Inverse relationship found between cancer diagnosis and Alzheimer's disease
With increased age comes the increased risk to develop cancer or dementia. Both conditions share similar risk factors such as hypertension and diabetes. Many cancer patients experience cognitive impairment from cancer and its treatments with symptoms similar to dementia.
But are these only similarities, or does a cancer diagnosis predispose patients to developing dementia? Prior literature indicates a lower risk of dementia after a cancer diagnosis and vice versa. However, studies of the long-term effects are lacking.
As part of her dissertation at the University of Alabama at Birmingham School of Public Health, Mackenzie Fowler, Ph.D., conducted a retrospective study to evaluate the long-term relationship between the two conditions. Results published in the Journal of Alzheimer's Disease showed dementia patients with cancer history demonstrated better cognition at dementia diagnosis and declined slower than dementia patients without cancer history.
"Our findings indicate that, even in the long run, only around 20% of cancer patients develop dementia after their cancer diagnosis, and those who do seem to experience better cognition at diagnosis and over time than those without a prior cancer diagnosis," said Fowler, now a postdoctoral scholar trainee in the UAB Division of Hematology and Oncology in the Marnix E. Heersink School of Medicine. "This inverse relationship between cancer and dementia confirms similar results in the medical literature while also providing long-term evidence."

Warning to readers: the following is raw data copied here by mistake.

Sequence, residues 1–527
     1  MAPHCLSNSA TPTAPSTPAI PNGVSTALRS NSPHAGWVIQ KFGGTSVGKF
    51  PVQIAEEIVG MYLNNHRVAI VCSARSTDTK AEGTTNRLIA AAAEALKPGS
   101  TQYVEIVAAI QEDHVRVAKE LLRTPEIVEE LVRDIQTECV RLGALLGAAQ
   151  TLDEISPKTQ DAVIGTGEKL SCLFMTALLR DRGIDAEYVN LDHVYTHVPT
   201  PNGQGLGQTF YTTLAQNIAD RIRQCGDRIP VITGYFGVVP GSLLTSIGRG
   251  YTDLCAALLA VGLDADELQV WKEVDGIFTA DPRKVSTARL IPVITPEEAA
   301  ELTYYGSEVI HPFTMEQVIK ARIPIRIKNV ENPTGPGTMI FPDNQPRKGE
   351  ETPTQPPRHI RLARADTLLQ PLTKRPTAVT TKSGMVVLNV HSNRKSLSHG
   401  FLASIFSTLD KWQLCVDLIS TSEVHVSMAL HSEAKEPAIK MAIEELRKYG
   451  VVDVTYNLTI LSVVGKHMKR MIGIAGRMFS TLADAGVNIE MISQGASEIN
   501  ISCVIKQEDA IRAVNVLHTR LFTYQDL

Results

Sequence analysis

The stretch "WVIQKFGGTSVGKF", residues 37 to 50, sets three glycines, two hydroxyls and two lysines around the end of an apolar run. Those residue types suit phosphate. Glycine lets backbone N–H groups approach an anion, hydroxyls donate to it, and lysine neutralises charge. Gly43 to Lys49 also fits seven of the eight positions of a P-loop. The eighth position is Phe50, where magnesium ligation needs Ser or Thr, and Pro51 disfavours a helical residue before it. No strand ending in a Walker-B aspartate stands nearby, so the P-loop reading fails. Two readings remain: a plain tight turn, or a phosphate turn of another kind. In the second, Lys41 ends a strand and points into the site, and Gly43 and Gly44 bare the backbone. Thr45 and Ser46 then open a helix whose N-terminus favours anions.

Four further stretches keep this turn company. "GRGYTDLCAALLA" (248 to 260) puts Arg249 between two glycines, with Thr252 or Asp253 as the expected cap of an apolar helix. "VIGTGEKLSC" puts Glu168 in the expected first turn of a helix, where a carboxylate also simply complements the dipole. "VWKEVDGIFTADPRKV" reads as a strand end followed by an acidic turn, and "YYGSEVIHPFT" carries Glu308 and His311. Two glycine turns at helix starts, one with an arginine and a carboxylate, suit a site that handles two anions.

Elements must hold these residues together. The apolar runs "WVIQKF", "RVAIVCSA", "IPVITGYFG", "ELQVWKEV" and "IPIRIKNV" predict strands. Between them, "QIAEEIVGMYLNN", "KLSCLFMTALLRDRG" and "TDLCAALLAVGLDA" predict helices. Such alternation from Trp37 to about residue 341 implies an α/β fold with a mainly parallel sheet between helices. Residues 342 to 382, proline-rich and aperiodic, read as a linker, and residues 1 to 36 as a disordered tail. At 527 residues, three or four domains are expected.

Overall, patients with one cancer diagnosis had an approximately 1.1-point higher cognitive baseline score and cognitive decline and seemed to progress slightly slower than non-cancer patients. However, patients who had two or more cancer diagnoses saw an approximately 1.5-point lower cognitive score than those without a prior cancer diagnosis.
Fowler used data going back to 2003 from UAB to identify dementia patients with and without prior cancer diagnoses. She then evaluated recorded cognitive scores of the patients over five years from 2014–2020. Having a clinical patient population also allowed for observation of diversity within the population over an extended period. Rates of cognitive decline between race and ethnicity groups differed. Regardless of cancer status, underrepresented race and ethnicity groups did not perform as well as non-Hispanic white patients.
"The next step is to ask why there is this overall inverse relationship and why two or more cancers seems to alter this relationship," Fowler said. "Could it be because early signs of cognitive decline were captured earlier due to a cancer patient's receiving frequent medical attention? Is it something that is more biologically driven? What about race, socioeconomic status or other social determinants of health? There are many questions to be answered by future studies."
Fowler notes major study limitations include not being able to differentiate by cancer or dementia type and stages and that all study participants were from one hospital. She hopes to add these variables into future studies with larger, more geographically diverse samples.